SAMUEL J. TILDEN, the twenty-eighth governor of New York, was born in New Lebanon, New York on February 9, 1814. His education was attained at Yale University, and at New York University, where he earned a law degree in 1841. He established a successful legal practice that specialized in corporate law. Tilden first entered politics as a member of the New York House of Representatives, a position he held in 1846 and 1872. He served as a member of the 1846 and 1867 State Constitutional Conventions; and was chairman of the New York Democratic Committee from 1866 to 1874. He also played a key role in eliminating the reign of the “Tweed Ring” in New York City. Tilden next secured the Democratic gubernatorial nomination, and was elected governor by a popular vote on November 3, 1874. During his tenure, spending was restricted; state taxes were cut; and the corrupt “canal ring” was abolished. Also, Tilden won the presidential nomination in 1876, but lost the highly contested general election to Rutherford B. Hayes. He finished his gubernatorial term on January 1, 1877, and then retired from political life. Tilden passed away on August 6, 1886, and in his will, he provided for the establishment of a public library in New York City. Governor Samuel J. Tilden was buried in the Cemetery of the Evergreen in New Lebanon, New York.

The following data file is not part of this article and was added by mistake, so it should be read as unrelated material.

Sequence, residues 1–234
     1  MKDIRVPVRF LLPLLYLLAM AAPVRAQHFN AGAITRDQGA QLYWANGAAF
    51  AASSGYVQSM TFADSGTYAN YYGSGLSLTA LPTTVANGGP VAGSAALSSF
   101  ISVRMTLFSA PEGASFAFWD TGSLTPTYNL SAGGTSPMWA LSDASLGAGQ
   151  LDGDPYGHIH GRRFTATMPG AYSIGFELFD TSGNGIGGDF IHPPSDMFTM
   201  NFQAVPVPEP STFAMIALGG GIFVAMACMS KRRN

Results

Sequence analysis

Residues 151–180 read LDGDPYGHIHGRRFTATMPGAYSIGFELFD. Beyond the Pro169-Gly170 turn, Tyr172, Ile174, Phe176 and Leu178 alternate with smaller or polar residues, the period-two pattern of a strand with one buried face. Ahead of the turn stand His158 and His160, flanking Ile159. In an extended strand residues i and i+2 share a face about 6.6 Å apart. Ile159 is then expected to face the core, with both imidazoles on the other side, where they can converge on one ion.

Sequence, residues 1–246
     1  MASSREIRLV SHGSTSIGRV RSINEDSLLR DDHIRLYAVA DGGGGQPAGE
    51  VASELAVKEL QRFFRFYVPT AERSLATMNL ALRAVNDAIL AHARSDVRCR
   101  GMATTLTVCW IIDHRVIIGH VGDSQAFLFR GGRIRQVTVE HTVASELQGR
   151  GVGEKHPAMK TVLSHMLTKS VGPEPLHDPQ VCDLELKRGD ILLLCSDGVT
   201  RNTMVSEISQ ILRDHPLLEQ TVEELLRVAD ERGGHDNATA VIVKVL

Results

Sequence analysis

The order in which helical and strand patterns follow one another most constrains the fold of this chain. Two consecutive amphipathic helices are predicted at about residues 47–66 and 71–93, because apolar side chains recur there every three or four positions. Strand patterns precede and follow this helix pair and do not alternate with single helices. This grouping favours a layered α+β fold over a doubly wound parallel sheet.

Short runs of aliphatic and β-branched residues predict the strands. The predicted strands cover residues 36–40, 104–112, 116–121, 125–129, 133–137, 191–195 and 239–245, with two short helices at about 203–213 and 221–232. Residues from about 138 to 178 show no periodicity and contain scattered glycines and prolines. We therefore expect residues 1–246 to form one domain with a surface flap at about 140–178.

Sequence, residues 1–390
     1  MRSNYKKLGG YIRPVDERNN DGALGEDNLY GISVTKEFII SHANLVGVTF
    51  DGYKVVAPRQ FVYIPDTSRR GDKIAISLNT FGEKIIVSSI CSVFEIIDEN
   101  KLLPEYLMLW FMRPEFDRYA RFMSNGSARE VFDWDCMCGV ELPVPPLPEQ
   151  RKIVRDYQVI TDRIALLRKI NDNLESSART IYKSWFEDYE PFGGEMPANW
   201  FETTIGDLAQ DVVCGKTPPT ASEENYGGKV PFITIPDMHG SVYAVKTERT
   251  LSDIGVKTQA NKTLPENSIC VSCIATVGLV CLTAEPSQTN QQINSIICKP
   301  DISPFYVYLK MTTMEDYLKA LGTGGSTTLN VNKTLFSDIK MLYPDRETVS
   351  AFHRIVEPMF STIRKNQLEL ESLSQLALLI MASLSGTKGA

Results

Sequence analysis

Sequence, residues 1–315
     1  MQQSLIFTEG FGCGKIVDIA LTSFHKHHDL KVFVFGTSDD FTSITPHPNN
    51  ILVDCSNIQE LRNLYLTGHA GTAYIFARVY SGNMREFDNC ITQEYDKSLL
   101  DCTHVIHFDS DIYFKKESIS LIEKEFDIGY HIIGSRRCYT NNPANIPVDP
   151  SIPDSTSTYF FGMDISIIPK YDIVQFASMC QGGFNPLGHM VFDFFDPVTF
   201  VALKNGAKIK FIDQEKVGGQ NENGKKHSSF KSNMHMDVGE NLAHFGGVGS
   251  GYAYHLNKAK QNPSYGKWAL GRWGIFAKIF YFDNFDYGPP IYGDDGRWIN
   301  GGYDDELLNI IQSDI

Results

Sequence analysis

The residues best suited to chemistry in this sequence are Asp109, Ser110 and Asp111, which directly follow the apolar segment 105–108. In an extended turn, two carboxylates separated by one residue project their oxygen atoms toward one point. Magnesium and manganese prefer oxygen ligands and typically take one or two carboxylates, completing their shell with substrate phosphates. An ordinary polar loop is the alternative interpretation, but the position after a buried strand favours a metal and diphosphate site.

Sobel, Robert, and John Raimo, eds. Biographical Directory of the Governors of the United States, 1789-1978, Vol. 3, Westport, Conn.; Meckler Books, 1978. 4 vols.